Now he realised that all he had noticed about her was the tilt of her head, the shade of her hair that fell across her face, the shape of her fingers and nothing else. The café owner would really know her better than he would.

So he sat in a daze, his infusion getting cold, scanning the faces around in search of the face he thought he knew by heart but in reality had no clue of.

Then the girl, right next to him, took out a cigarette from her packet, put it to her lips, searched her bag, tilted her head to him with her hair falling across, held out a hand with the fingers he knew so well and asked whether he had a lighter.

He took out his lighter, flicked it on, and as he was reaching towards her with the little flame – unable to believe what he saw or did – a mad desire swept across his whole being: he wanted to put fire to her hair that fell across her face, to her face that held her firefly eyes, to her eyes that pierced his being and knew his secret instantly. He wanted this moment to go up in flames, so that there is nothing after it.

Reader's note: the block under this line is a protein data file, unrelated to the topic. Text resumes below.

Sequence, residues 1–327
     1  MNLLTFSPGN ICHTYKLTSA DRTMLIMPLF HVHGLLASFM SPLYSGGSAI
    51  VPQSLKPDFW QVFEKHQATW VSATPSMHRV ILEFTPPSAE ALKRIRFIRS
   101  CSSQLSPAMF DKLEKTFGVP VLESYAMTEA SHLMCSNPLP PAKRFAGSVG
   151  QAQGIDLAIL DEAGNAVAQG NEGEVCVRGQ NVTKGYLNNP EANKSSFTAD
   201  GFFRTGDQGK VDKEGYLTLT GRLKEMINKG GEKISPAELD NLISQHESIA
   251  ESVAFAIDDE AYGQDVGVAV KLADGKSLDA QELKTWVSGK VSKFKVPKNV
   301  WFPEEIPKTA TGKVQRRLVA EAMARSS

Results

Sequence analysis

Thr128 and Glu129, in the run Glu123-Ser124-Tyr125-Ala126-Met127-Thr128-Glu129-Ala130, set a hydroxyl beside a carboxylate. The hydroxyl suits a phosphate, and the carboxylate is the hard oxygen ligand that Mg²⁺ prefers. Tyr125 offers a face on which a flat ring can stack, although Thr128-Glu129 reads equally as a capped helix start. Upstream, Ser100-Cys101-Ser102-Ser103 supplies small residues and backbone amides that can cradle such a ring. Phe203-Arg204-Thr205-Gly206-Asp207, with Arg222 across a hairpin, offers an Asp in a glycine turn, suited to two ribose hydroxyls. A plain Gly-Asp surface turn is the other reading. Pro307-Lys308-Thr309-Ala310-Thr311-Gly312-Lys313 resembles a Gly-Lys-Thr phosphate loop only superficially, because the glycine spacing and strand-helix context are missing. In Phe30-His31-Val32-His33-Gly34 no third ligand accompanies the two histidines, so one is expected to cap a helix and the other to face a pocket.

Thursday, June 09, 2005

Timeout : Bookwarmth

He is happy indeed. Some friends seem to take notice in him, his thoughts, his quirks. Ani and Runglee want to know what he reads.

Born in non-America, most of his friends still belong to worlds elsewhere. They often eat with hands, and speak non-English. What befuddles him is that they all seem to read only English! That cannot be! Probably character strings mentioning French or Bengali or Tamil or Swahili books are auto-deleted by Blogspot.

Total Number of Books he owns:
Books cannot be owned. They choose who they want to spend their day with. They are fireflies. They flit from reader to reader, giving them warm moments as they pass by. They are gypsies – they tell you faraway stories and take you along. There are some people who try to cage up books in shelves by writing their names on them – but should you force gypsies to settle down and become, say clerks or shoemakers?

So, a few books are living with him now – some of them belong to others, and some of them are waiting to belong to others.